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  1. #21
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    Re: Distilleries, Master Distillers....

    Last month we went to a Jim Beam tasting in Little Rock and I thought they introduced Fred Noe as the master distiller. Bernadette says she remembered that they introduced him as the next master distiller, which I guess implies that Jerry Dalton is retiring.

    Stu

  2. #22
    Bourbonian of the Year 2004 and Guru
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    Re: Distilleries, Master Distillers....

    Oh...I hope you are right!
    Colonel Bettye Jo Boone
    Industrial Maintenance
    Technician/Journeyperson
    Heaven Hill Distilleries
    Bardstown, Kentucky

  3. #23
    Bourbonian of the Year 2007
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    Jerry Dalton To Retire; Fred Noe To Be "Family Distiller" at Beam

    It's official: Jerry Dalton is retiring and Jim Beam is naming Fred Noe its 7th Generation "Family Distiller and Bourbon Ambassador." Notably missing from his new title is the word "master."

    http://www.msnbc.msn.com/id/20746458/
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  4. #24
    Bourbonian of the Year 2002 and Guru
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    Re: Jerry Dalton To Retire; Fred Noe To Be "Family Distiller" at Beam

    Where did you get that title? Not from the AP article. Though you're right that it never calls Fred "Master Distiller."

    For what it's worth, historically the terms "distiller" and "master distiller" are synonymous.
    Last edited by cowdery; 09-13-2007 at 15:17.

  5. #25
    Bourbonian of the Year 2007
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    Re: Jerry Dalton To Retire; Fred Noe To Be "Family Distiller" at Beam

    Jim Beam now describes Fred Noe in these terms on its website: "7th Generation Distiller & Bourbon Ambassador." Those are Beam's capital letters, not mine. (The Family Distiller description is apparently a fiction created by AP.) It's marketing sleight of hand, of course, because as everyone on the inside knows he can't step into Jerry Dalton's shoes.

    http://www.jimbeam.com/beam/v5/herit..._gen.aspx?id=7



    "Fred" Noe, the seventh generation of Beams to enter the family business, is an 7th Generation Distiller & Bourbon Ambassador at the Jim Beam Distillery in Clermont, Kentucky. As "Bourbon Ambassador" for Jim Beam Brands, he introduces consumers around the world to The Small Batch Bourbon Collection, his family's award-winning lineup of ultra-premium, hand-crafted bourbons. Fred grew up in Bardstown, Kentucky, in the same home Jim Beam lived in, on what was once called Distiller's Row because a master distiller lived in almost every house. He still lives in Bardstown, in a house built beside the Beam family home, with his wife, Sandy, and their 16-year-old son, Frederick Booker Noe IV.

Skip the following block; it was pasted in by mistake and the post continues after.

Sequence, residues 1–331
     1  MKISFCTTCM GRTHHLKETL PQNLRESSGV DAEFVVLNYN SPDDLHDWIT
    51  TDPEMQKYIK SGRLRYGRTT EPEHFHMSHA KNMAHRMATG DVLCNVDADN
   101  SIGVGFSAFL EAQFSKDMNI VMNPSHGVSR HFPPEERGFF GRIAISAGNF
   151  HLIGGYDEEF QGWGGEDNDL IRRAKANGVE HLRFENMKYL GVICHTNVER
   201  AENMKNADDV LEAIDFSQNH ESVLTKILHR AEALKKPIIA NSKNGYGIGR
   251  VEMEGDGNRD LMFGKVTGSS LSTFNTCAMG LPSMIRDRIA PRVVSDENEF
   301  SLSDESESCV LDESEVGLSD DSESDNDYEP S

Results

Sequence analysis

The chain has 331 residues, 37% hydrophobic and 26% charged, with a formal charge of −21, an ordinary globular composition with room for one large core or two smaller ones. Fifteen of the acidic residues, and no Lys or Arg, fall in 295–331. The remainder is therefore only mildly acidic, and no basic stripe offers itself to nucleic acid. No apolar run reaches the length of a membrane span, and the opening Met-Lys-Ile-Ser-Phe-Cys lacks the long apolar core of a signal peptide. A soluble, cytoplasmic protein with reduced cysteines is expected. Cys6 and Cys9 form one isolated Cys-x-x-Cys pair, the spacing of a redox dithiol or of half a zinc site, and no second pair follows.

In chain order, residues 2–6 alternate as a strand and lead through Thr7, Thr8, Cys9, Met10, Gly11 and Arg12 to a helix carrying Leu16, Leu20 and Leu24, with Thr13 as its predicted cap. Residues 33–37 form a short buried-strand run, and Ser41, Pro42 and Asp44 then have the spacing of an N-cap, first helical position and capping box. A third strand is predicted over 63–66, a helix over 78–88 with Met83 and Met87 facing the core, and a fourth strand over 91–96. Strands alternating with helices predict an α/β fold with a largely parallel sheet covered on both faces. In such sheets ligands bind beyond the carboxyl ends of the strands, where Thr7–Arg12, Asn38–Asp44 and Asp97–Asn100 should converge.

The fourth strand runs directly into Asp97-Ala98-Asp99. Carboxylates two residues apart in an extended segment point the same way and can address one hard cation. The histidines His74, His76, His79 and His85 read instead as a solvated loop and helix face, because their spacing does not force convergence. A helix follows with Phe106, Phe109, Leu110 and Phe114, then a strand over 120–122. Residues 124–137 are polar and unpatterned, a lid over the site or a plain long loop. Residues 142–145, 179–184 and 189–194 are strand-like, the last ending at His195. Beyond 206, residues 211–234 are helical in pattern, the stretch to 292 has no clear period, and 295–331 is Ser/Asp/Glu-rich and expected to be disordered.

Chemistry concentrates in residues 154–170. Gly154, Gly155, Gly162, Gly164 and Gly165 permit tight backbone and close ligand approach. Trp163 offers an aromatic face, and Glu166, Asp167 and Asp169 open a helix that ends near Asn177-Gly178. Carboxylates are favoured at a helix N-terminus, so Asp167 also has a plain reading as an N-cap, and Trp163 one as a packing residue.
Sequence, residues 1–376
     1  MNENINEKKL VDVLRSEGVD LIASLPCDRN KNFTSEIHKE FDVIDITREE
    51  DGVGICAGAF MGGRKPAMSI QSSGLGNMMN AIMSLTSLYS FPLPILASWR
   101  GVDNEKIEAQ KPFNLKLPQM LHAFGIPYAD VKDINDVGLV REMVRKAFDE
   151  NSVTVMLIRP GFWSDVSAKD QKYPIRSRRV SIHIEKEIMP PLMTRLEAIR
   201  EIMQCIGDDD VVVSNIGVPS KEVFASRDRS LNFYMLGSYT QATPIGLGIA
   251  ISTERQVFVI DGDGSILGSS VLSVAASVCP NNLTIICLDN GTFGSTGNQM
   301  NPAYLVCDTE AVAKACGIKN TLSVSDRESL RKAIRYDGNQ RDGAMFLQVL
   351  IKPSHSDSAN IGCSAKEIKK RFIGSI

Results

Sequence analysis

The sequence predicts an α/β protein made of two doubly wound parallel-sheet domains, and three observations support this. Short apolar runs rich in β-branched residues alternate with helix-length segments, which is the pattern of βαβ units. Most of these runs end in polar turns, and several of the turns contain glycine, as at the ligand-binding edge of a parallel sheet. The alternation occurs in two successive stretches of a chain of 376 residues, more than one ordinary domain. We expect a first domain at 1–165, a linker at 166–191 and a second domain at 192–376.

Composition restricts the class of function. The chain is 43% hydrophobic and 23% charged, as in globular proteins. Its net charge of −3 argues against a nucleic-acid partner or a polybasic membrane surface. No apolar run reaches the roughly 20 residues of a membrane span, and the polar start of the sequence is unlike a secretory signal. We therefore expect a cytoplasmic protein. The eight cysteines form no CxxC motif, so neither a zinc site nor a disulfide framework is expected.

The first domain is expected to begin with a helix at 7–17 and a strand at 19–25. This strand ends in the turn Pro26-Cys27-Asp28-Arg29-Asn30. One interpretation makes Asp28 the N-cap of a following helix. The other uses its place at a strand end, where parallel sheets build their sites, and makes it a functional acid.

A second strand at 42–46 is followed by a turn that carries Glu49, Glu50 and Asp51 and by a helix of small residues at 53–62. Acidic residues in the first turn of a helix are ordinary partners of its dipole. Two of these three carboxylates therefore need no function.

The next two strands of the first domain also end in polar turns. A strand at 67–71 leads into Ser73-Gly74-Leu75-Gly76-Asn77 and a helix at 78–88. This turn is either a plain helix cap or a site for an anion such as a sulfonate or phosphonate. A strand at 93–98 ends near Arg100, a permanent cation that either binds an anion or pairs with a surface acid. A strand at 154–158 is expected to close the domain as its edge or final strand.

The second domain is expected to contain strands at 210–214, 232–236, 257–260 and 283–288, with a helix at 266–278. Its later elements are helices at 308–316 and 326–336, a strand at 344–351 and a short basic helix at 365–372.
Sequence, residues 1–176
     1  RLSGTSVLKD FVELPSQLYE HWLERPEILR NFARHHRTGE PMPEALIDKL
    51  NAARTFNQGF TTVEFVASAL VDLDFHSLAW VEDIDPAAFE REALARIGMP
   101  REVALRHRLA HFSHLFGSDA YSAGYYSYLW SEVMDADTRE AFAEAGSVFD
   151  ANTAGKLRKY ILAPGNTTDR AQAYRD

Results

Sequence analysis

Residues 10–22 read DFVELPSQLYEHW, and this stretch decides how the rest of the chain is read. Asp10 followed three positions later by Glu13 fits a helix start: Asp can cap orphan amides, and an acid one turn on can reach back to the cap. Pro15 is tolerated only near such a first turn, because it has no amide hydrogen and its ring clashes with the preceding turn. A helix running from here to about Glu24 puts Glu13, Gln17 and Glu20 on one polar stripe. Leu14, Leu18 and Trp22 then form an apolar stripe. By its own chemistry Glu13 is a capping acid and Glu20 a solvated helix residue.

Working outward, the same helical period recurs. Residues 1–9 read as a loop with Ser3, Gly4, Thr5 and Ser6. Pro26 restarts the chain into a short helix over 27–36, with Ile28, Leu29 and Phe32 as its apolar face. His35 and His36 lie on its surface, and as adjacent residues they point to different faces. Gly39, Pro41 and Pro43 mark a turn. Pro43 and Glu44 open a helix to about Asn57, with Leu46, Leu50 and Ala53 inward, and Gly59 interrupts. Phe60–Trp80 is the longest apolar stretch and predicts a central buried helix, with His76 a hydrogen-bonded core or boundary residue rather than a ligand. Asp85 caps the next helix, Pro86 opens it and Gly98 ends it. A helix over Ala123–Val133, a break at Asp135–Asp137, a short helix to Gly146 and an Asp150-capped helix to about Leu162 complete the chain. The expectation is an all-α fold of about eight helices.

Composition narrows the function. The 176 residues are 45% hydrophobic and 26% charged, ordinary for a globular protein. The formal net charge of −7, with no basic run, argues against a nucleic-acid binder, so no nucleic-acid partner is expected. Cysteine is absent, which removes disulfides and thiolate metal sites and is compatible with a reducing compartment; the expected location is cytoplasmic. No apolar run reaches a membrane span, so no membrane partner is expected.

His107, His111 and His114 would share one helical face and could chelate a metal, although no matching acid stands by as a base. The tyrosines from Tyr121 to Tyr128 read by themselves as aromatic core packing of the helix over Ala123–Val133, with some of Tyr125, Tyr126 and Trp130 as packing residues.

"I had such a feeling of pride and tradition the first time I came to the distillery with my father," Fred says. "Decades later, I still feel the same way. This is much more than a job, it's my life, and I love every minute of what I do."
    Last edited by Barrel_Proof; 09-13-2007 at 20:12.
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  6. #26
    Bourbonian of the Year 2003 and Super Moderator
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    Re: Jerry Dalton To Retire; Fred Noe To Be "Family Distiller" at Beam

    Was Jerry Dalton the Master Distiller at Barton before going to Beam?
    At the time of Chucks Video Made and Bottled in Kentucky The Jerry Dalton segment was him during his tenure as Master Distiller at Barton.
    ___Bobby Cox___
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    May you have wonderful things thought of to do...

  7. #27
    Bourbonian of the Year 2003 and Super Moderator
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    Re: Jerry Dalton To Retire; Fred Noe To Be "Family Distiller" at Beam